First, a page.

IT’S hard to argue with the contention that the Northern Territory has done as well as any health system in the country at flattening the COVID-19 curve. When you consider they have done it within a hospital system that operates “beyond capacity” as a matter of course, the achievement is even more remarkable.

“So far” is the caveat, as the NT – Royal Darwin Hospital in particular – is now dealing with repatriated Australians coming home from overseas, sometimes bringing COVID-19 with them.

“It’s still early days really and there’s a danger in being overconfident,” says Dr Nick Douglas, an infectious diseases physician at Royal Darwin Hospital, and Senior Research Fellow at Menzies School of Health Research at Charles Darwin University.

“We’re very pleased with where we are at the moment.”

Dr Douglas and his colleagues are the authors of a research letter published in the MJA, detailing the COVID-19 cases they treated early in the pandemic.

Between 4 March and 4 April 2020, 28 cases of COVID-19 were diagnosed in the NT, all linked to overseas or interstate travel. Two of those patients required supplemental oxygen, one of whom also required intubation. There were no deaths, and no infections in health care workers.

At the time of writing, the number of cases had risen to 39, thanks to the repatriation flights. Thirty-three of those were acquired overseas, four are from interstate and two are from within households of known COVID-19 cases.

In other words, there has been no community transmission in the NT.

Dr Jane Davies, a co-author on the MJA research, and an infectious diseases physician at Royal Darwin Hospital, said the advent of the pandemic did cause some anxiety.

“The unknown nature of this virus was anxiety-provoking,” she told InSight+ in an exclusive podcast.

“Add into that the fact that we do have a very vulnerable population with lots of chronic disease; our health care workforce is quite finite; and we do traditionally have a lot of fly-in, fly-out people coming from other places to work here. So, there were multiple levels of anxiety about how to deal with the situation.”

What made the NT’s response so successful – “so far” – was the strict nature of their public health response.

Co-author Dr Ella Meumann, an infectious diseases physician and PhD candidate at Menzies School of Health Research, told InSight+ that it was a multidisciplinary decision to go hard and go early.

“We decided really early on that we would isolate everybody who had [COVID-19] in a supervised facility,” she said.

“We admitted them all to hospital in the first instance to make an assessment and then we mandated that everybody with [COVID-19] remained in a supervised health facility until we were happy that they were no longer infective.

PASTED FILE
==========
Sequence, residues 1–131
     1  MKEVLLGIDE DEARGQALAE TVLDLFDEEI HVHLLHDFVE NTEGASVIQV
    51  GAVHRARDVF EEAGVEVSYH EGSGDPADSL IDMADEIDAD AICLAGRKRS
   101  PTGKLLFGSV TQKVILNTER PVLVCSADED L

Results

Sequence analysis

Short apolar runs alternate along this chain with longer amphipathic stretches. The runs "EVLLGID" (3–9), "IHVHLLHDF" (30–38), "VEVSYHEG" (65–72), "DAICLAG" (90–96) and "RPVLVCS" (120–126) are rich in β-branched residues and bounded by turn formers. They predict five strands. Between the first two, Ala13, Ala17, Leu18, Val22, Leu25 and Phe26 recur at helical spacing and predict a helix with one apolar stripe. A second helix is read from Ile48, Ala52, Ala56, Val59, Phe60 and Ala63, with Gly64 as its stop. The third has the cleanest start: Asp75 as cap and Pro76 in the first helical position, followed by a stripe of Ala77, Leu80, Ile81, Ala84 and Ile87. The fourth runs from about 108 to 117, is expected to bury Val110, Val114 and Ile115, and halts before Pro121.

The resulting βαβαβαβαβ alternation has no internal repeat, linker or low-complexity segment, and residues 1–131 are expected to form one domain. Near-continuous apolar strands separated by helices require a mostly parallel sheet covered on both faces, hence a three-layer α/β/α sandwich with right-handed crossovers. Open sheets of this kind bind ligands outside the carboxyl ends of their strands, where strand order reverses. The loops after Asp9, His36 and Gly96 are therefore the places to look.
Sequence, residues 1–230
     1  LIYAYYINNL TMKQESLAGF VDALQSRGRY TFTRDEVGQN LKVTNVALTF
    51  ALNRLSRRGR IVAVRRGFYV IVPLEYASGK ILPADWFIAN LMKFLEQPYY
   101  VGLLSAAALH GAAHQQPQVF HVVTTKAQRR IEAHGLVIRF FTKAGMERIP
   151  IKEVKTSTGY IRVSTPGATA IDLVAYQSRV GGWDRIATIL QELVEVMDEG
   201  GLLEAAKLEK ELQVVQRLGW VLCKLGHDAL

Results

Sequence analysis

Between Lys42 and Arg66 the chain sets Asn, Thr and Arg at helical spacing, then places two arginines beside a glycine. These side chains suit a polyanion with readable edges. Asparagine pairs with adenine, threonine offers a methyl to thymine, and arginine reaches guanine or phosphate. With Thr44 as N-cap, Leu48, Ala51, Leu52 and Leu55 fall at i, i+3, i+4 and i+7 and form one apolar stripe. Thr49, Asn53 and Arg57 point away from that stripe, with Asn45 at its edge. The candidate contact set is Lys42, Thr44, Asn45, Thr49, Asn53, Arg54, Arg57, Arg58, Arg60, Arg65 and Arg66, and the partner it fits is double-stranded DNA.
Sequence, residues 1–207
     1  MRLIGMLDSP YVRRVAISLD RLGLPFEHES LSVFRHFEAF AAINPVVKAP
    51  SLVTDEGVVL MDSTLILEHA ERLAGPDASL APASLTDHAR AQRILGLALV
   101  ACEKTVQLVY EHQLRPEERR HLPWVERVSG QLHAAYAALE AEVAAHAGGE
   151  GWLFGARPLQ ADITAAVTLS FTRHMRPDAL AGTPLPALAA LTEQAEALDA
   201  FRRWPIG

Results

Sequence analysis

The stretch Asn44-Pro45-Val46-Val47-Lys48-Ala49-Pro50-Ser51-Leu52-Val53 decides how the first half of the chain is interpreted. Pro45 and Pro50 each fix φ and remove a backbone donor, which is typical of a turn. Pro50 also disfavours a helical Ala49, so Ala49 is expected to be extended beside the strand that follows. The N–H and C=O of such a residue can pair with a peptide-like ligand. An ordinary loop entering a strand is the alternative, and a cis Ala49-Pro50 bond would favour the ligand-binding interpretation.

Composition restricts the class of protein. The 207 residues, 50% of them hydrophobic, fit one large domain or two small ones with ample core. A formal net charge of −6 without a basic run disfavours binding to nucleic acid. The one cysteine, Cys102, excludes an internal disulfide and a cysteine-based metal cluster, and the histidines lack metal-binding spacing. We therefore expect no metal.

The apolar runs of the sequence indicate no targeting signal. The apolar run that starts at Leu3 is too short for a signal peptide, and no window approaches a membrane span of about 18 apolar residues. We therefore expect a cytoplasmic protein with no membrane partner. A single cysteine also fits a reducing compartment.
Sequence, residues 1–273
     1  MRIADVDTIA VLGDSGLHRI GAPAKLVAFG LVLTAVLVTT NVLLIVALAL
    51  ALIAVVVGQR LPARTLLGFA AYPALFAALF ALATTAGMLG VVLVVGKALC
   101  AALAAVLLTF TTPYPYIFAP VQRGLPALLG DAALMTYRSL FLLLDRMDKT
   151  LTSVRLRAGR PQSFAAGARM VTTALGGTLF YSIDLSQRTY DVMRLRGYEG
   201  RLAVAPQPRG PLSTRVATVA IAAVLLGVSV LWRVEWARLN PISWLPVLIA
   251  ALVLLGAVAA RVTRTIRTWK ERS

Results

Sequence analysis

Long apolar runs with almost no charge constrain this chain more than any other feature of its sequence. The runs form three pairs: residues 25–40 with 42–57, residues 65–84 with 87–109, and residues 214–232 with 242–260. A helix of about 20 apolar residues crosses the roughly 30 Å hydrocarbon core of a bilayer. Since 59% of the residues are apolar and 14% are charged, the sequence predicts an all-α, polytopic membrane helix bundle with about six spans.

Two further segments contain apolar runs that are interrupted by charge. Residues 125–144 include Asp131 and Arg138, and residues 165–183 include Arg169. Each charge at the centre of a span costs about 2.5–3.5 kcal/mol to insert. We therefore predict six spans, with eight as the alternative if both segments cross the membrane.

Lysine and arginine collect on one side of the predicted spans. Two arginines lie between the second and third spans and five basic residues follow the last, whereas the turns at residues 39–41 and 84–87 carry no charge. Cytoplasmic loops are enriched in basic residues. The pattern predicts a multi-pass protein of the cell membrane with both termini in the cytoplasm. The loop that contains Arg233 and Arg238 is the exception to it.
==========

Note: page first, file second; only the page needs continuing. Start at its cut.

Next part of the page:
“That’s a big difference between how we manage things and how other places have managed things,” she said.

Dr Vicki Krause, Head of Surveillance at the NT Centre for Disease Control and another co-author on the MJA article said:

“Our isolation protocols were prioritised for prevention and protection and we were aggressive in that manner. We also wanted to put people into situations where the people looking after them were familiar, expert and comfortable with treating people in isolation.

“They felt safe that the best isolation precautions could be carried out in that setting.”

The strict policy meant that patients were in isolation for long periods, however.

“People shed virus for a very long time and as a result of the conservative rules regarding release from isolation – which required two consecutive negative PCR tests – the median [stay in isolation] was 25 days from onset of symptoms to the first of the two consecutive negative tests,” said Dr Douglas.

“There was quite a lot of variability in that and some people were [in isolation] up to 42 days.

“The majority managed to cope on a psychological level with that, but there certainly were some people that found that emotionally challenging,” he said.

Dr Davis said a variety of strategies were used to make isolation as comfortable as possible.

“Simple things like enabling people to get takeaway, facilitating and getting fridges and coffee- and tea-making facilities into rooms that didn’t normally have those kinds of hotel facilities,” she said.

“For the younger people, our nurses bought toys. We gave people certificates when they were allowed to leave so that they had a bit of a celebration.

“That’s not to take away from the fact that it was hard for people.”

Douglas and colleagues also analysed the epidemiologic, clinical, and virological aspects of the first 28 cases of COVID-19 in the NT.

“The phylogeny of the 27 available NT viral genomes was consistent with acquisition in locations on all inhabited continents,” they wrote.

“Five genetic clusters were evident (maximum of one single nucleotide polymorphism within each cluster) that were also epidemiologically linked by shared travel or household contact. The SARS-CoV-2 [severe acute respiratory syndrome coronavirus 2] genomes from two independent travellers without epidemiologic connections were identical, but matched other publicly available genomes, highlighting the importance of interpreting genomic analyses in their epidemiologic context.

“The NT implemented particularly aggressive public health measures to contain SARS-CoV-2 transmission,” they concluded.

“Epidemiologic and genomic analyses suggest that this response has successfully prevented local community transmission of the virus.”